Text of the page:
The teaching of Canadian history in the nation’s universities is in trouble. Course enrolments have been and are continuing to fall dramatically and the numbers of history majors have collapsed. This, it is said, is true in all areas of historical study, not least in the history of Canada.
Why? First, there are few jobs for history graduates. A sensible student will opt for business or IT or law where they might even be able to make a living from their studies.
But there are likely many additional reasons and one surely is that historians have been working for decades to turn their discipline away from narrative and towards theory. Narrative tells a factual story while theory posits an abstruse rationale for what did or did not occur. The theorists prevail. Another reason is that the woke Canadian historians, now apparently the majority in the profession, have turned away from national history. The York University history calendar ungrammatically says it all: “Our courses focus on the thematic areas of indigeneity, culture, gender, social, political, environmental and sexuality.”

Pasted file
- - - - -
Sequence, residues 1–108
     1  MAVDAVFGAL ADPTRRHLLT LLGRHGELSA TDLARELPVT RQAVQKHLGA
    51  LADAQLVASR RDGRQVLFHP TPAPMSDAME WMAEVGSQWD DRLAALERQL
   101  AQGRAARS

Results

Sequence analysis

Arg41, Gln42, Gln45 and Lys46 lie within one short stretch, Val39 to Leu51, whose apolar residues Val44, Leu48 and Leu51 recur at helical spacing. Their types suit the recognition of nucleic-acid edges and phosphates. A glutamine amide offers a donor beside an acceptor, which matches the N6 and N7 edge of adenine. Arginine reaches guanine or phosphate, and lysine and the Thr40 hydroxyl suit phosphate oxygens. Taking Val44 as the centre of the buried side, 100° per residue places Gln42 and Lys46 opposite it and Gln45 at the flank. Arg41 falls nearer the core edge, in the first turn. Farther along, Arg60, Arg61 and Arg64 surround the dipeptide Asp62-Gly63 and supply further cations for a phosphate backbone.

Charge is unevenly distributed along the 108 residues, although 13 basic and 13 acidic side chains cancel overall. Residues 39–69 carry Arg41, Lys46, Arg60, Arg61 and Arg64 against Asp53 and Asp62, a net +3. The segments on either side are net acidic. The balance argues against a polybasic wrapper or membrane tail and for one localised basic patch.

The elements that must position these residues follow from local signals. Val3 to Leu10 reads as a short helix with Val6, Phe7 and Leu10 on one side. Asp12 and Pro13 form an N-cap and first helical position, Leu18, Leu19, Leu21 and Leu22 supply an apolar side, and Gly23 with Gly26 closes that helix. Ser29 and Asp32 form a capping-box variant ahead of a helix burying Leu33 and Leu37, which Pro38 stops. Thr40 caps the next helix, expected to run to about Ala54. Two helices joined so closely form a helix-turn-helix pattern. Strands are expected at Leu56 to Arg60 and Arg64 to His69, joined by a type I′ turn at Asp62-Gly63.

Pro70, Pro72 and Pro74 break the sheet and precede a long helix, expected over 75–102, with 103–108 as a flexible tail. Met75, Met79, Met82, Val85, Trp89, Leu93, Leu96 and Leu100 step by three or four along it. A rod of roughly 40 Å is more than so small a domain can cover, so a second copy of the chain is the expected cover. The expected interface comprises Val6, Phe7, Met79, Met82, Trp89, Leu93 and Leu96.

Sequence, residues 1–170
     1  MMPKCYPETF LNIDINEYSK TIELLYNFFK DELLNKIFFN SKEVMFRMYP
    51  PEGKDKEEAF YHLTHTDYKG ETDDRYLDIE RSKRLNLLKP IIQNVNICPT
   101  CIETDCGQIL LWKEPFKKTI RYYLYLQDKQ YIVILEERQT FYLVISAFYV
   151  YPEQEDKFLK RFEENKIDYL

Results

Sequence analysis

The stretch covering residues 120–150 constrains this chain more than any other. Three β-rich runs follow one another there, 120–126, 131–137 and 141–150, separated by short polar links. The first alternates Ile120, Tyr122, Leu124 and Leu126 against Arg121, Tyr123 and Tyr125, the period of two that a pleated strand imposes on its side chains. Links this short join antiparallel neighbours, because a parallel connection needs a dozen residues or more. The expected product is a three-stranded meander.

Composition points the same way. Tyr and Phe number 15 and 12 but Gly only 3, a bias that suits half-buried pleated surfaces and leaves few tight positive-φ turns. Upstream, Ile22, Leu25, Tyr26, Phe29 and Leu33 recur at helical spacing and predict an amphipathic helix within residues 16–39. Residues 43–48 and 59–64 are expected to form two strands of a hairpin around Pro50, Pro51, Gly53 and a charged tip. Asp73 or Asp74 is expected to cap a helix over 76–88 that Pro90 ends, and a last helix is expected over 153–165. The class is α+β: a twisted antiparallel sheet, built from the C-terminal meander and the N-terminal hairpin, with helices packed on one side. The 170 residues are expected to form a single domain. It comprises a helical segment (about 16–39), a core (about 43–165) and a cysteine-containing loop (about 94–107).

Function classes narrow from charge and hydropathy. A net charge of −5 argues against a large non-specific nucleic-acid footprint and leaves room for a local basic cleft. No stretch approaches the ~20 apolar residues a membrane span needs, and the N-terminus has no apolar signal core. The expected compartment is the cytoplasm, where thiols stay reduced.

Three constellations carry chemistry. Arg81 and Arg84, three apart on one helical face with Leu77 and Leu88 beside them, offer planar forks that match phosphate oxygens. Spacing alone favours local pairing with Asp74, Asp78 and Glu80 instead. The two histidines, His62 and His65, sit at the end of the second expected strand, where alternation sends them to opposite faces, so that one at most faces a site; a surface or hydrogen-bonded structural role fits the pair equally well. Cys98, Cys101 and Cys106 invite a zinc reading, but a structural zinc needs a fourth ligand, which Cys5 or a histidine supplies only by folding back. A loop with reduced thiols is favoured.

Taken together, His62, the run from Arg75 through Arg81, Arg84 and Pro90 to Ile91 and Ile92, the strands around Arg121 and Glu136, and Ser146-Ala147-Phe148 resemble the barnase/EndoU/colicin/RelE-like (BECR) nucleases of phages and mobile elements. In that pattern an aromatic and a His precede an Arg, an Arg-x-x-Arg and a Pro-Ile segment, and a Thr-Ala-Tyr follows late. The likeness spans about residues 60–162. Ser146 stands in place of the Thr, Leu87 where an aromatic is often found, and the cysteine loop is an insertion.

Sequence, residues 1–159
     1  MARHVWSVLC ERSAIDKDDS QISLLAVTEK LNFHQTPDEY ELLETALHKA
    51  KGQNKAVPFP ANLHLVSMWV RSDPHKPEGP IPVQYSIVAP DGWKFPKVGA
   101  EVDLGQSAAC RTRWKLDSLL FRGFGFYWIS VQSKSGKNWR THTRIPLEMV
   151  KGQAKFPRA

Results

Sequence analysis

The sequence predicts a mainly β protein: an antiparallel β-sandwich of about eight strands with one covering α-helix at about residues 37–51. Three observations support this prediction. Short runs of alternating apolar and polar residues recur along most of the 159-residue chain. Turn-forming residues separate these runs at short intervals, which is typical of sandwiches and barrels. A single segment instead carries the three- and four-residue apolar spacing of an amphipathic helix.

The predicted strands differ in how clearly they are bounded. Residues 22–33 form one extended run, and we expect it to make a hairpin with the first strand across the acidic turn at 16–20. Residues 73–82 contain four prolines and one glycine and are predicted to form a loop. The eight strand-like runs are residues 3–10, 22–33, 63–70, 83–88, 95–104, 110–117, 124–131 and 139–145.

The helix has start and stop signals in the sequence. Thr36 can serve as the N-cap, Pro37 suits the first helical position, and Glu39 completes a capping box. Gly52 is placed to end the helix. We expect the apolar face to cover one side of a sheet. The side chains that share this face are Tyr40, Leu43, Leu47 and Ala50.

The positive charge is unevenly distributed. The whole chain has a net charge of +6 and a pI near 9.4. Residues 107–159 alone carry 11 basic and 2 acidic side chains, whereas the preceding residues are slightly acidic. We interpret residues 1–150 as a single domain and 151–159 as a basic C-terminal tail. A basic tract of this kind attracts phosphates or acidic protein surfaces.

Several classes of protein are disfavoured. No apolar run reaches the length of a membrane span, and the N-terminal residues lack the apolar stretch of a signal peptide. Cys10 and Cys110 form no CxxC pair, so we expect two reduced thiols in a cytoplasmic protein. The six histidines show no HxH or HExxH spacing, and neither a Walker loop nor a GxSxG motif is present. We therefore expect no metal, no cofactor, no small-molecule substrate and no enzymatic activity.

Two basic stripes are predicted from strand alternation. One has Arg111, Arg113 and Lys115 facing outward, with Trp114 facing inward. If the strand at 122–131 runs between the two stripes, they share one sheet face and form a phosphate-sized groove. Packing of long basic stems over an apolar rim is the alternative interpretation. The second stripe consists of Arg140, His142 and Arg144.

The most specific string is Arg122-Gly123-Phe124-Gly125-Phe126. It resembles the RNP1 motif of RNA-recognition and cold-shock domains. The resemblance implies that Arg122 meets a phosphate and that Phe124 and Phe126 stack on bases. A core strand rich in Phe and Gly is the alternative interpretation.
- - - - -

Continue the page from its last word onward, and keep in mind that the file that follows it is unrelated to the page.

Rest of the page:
There are no “great men” any longer in Canadian history, no formative events worth studying. The world wars, the fights over compulsory military service that divided French and English Canadians, the struggles for independence from Britain and the United States—these no longer matter very much in today’s lecture courses and seminars. As an academic friend puts it, Canada’s history is becoming the history that dares not speak its name.
I am a Canadian military historian with an interest in politics, foreign and defence policy, and biography. Thirty years ago I wrote a book called The Generals that examined the nation’s military leaders in the Second World War.1The Generals: The Canadian Army’s Senior Commanders in the Second World War This combined my interests in what I think of as socio-political military history. Who were the military’s leaders and where did they come from? What did they do and why did they do it? How did they build the army from a few handfuls of men into a force that enrolled, trained, equipped, and led three-quarters of a million men and women to victory? And how did they deal with the politicians directing the war effort? My colleagues, it’s fair to say, thought my book was all guns and no butter. Nonetheless, Canada’s Second World War remains an extraordinary story, one that deserves remembering, one that should be taught to students.